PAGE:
Someone famous once said, "Beauty is in the eye of the beholder." Maybe he wasn't famous. Maybe "he" wasn't even a he; or perhaps, this statement is simply innate and widely accepted. Webster identifies beauty as being merely "good looks" or "the quality of being very pleasing". As Webster may have mastered a portion of the definition, I believe beauty delves much deeper than solely skin deep. Although it is eminent to find beauty in the material world, it is just as crucial to see the beauty which lies within a person.
After serious contemplation I have arrived at the conclusion that there are two substantial types of beauty. The first is beauty which is found in objects such as a sunset, or the way a person may appear outwardly to society. (This is the type of beauty Webster refers to in the dictionary.) The second type of beauty, however, I find carries with it the most importance, but is also the least cherished by many, as in, heavenly, inward beauty. In the Bible Peter tells us that outward beauty will wither away, just as flowers do. This is reiterated by John Donne with his quote, "Love built on beauty, soon as beauty, dies." Outward beauty is not eternal and will age along with the subject itself. Heavenly beauty however, which is measured by one's character, is eternal. As Saki presents, "Beauty is only sin deep."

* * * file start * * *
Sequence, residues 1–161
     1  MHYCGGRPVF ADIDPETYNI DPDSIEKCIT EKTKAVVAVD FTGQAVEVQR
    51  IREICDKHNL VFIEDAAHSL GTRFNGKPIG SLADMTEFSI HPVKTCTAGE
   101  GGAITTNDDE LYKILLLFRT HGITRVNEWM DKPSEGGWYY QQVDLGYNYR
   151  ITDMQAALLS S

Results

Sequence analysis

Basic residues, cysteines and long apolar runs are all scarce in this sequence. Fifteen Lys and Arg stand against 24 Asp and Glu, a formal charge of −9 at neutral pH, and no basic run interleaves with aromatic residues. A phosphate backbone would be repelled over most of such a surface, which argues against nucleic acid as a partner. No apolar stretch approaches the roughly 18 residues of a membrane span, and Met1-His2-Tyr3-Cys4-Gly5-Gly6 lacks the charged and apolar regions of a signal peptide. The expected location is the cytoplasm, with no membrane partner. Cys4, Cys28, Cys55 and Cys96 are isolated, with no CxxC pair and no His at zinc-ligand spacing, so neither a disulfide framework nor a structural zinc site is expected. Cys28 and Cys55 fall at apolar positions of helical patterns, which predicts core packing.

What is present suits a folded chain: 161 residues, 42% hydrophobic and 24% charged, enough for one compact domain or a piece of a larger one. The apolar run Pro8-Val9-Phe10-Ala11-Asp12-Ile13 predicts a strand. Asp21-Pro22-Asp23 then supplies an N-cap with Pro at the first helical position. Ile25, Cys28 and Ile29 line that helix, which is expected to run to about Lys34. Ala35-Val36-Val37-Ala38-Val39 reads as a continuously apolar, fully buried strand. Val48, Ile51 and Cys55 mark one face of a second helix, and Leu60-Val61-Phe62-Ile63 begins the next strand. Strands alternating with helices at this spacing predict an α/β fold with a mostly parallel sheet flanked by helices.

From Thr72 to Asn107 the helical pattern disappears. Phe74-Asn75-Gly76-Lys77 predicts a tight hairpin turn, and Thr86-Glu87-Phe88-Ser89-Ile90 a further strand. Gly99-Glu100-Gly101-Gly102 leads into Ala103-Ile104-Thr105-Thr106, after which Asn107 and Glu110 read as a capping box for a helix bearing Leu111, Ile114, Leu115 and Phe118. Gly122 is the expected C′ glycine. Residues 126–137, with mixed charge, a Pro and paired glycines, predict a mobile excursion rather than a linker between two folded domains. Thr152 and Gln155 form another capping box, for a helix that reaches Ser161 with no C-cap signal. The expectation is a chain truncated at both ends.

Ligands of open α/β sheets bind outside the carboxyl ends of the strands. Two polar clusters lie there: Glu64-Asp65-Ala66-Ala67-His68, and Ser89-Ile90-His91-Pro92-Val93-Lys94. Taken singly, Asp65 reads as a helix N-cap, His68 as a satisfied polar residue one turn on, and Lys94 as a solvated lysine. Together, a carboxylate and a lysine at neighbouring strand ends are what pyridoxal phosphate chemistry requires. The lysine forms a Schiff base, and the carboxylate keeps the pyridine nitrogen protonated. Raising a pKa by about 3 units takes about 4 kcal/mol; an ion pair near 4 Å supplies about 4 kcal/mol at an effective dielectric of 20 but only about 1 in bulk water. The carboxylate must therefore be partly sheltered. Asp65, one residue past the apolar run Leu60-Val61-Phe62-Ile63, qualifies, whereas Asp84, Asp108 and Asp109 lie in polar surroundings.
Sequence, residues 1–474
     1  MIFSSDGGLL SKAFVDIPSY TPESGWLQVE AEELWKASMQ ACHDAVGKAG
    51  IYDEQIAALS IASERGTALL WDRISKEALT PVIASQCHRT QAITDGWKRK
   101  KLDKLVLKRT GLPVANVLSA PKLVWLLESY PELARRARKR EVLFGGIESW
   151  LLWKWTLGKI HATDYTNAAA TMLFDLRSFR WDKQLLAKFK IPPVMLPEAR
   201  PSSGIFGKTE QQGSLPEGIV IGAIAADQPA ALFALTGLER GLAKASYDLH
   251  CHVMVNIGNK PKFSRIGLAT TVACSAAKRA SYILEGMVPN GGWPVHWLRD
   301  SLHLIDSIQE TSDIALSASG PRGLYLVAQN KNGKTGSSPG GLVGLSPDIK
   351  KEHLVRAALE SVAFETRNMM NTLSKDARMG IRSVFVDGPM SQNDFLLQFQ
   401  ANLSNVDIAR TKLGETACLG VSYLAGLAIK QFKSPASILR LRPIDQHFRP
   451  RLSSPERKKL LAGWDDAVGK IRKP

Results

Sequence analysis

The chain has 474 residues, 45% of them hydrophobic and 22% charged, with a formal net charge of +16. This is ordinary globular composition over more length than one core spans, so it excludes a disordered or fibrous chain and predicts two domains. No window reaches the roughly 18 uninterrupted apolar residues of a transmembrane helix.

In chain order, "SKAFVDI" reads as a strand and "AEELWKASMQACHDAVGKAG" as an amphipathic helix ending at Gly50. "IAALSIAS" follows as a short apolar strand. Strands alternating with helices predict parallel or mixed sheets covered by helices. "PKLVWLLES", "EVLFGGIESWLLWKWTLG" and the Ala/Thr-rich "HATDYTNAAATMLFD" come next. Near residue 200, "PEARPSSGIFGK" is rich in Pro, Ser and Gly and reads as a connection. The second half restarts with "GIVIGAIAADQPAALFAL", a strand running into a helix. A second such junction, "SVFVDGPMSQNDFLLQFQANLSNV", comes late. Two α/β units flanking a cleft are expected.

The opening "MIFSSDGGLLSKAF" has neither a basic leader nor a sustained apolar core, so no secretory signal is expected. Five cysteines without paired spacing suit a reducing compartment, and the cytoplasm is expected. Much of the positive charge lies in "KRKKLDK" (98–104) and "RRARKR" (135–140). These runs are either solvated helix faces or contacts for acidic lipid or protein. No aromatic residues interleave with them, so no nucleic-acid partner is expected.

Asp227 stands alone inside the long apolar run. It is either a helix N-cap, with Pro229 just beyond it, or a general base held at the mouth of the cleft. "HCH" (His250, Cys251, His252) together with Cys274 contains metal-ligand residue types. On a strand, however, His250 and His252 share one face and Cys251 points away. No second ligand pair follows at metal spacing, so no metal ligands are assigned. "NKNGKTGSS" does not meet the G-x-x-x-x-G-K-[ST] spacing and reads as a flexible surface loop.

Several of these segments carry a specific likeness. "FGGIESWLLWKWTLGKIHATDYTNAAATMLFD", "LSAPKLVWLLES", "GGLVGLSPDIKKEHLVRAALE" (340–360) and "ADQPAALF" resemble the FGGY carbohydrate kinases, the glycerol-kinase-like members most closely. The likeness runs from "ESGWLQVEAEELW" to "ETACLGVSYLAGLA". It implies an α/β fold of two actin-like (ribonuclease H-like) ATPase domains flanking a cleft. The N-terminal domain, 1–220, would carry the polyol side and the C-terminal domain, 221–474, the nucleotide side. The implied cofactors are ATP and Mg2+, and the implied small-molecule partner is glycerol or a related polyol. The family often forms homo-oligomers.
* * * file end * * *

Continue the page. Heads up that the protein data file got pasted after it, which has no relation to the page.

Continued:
Once when I was unforgettably sick and ached all over, my mom came into my room, the forest of germs at the time, and began to rub my feet. She had been out in the yard (or something) and was dressed in icky clothing with dirt on her sleeves. Though my mother, in all her goodness, didn't appear to represent the first kind of beauty I talked about, no one could have been more beautiful to me.
Simple acts of love and kindness towards others morph themselves into an understated realm of beauty.
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